Intel Shipped Custom Chips to 18 Customers Last Year
[08/26/2013 11:00 PM]
by Anton Shilov
As large datacenter owners start to build their own servers tailored for their specific workloads, for chip companies like Intel Corp. it becomes increasingly important to offer chips tailored for exact needs of their customers. Last year the world’s largest microprocessor maker supplied such custom chips to eighteen clients, but the number is set to grow.
"That trend is growing. In the last year we have delivered 18 custom silicon processor solutions for the full array of customers -- our direct customers, the OEMS and the end users -- in order to meet their specific needs," said Diane Bryant, senior vice president and general manager of datacenter and connected systems group, in an interview with IDG News Service.
....“We will have customers that have a very [specific] power target, so we will create versions whether it is through changes in frequency, changes in core count, changes to drive down the power. […] It all boils down to scale. I had one cloud service provider who had told me a single application is running across tens of thousands of servers. You can afford to tune that server very targeted against that application and eke out every bit of performance at ever lower cost of operations,” said Ms. Bryant.
The second round of customization will not only involve some customization of microprocessors and I/O, but will likely include made-to-order chips with specially designed I/O and even processing engines, according what a representative from Intel’s arch-rival, Advanced Micro Devices, said earlier this year. Intel seems to agree with that.
“With our SoC capability now, we can actually do rapid turns of our base product with very unique accelerators. Whether it's voice recognition acceleration or encryption or graphics acceleration... all the different types of accelerators that are targeted at different apps. We can deliver unique products there too,”
Nuance's Dragon Assistant starts obeying your every word on select AIOs and Ultrabooks
Intel and its PC partners are taking another page out of the mobile device playbook to beef up Ultrabooks and All-in-One PCs, bringing built-in voice command software to the desktop. On Thursday, Nuance Communications announced that a select line of ultra-mobile laptops and all-in-ones from Asus, Acer, Lenovo, and Toshiba would come pre-loaded with Nuance Dragon Assistant.
Nuance’s voice command PC app is similar to Dragon Mobile Assistant. You can use Dragon Assistant for PCs to open programs, take dictation, search the Web, play music, check email, and update Facebook and Twitter.
Intel and Nuance first announced a partnership to bring Dragon Assistant to Ultrabooks during CES 2012. Then in September, Nuance announced a beta roll-out of Dragon Assistant, starting with the Dell XPS 13 Ultrabook. Now it appears Dragon Assistant is ready for prime time with its debut on a wider variety of devices.
You can find the complete list of voice-enabled Ultrabooks and AIOs in Best Buy’s Premium Collection of PCs for the fall back-to-school season.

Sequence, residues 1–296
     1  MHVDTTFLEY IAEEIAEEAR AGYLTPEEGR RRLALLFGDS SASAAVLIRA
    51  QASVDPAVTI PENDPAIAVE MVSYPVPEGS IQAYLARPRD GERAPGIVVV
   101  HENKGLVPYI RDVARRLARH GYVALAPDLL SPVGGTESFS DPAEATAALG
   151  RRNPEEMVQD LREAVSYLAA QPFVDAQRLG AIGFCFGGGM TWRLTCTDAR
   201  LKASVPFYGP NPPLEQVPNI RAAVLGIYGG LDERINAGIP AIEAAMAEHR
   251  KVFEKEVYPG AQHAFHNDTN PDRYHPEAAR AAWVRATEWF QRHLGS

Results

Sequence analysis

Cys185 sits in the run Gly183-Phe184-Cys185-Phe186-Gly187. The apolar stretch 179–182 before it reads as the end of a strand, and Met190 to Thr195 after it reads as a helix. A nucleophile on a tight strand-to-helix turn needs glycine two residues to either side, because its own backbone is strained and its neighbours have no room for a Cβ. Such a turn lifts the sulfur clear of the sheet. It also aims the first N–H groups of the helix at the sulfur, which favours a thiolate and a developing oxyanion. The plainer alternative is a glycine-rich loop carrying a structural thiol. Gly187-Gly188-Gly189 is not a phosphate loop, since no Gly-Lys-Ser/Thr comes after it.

more at PCWorld
Knights Landing may be a threat to more than the GPUs in supercomputers. Intel's Skylake is rumored to be using a "Knights Landing" as a GPU.
Posted by James Edward on Jun 13, 2012 in Hardware News |
Futurology: Intel CPUs Sky Lake have an IGP based on Larrabee
According to the roadmap for Intel x86 architectures through 2016 is expected to make their appearance by 2015 the first microprocessor-based micro-architecture for future Sky Lake (or Skylake), which to SemiAccurate will be the first to have an igp based on mic micro-architecture (Larrabee).
Larrabee was originally designed as a domestic GPU , but was canceled , reborn as a product aimed at high performance computing (HPC) architecture birthing Many Integrated Core (MIC) , which was removed codenamed Larrabee, being replaced by Knights and we have ended up calling Larrabee 2 Knights Ferry and Larrabee 3 would become the current Knights Corner . Larrabee is expected later to 4 (Knights Landing) and Larrabee 5 (Knights Hill).
As seen in the intel website, the Larrabee project manager is also responsible for the integrated graphics to accompany future Intel microprocessors based on micro-architectures Sky Lake, Mont Sky and later, which reinforces the rumors for years about the possibility that Intel develop an IGP based on Larrabee.
"unknown fact: When running Benchmarks on Android, most of the time, U are comparing ARM fully NEON optimized code VS plain C x86"
The ARM® NEON™ general-purpose SIMD engine efficiently processes current and future multimedia formats, enhancing the user experience.
NEON technology can accelerate multimedia and signal processing algorithms such as video encode/decode, 2D/3D graphics, gaming, audio and speech processing, image processing, telephony, and sound synthesis by at least 3x the performance of ARMv5 and at least 2x the performance of ARMv6 SIMD.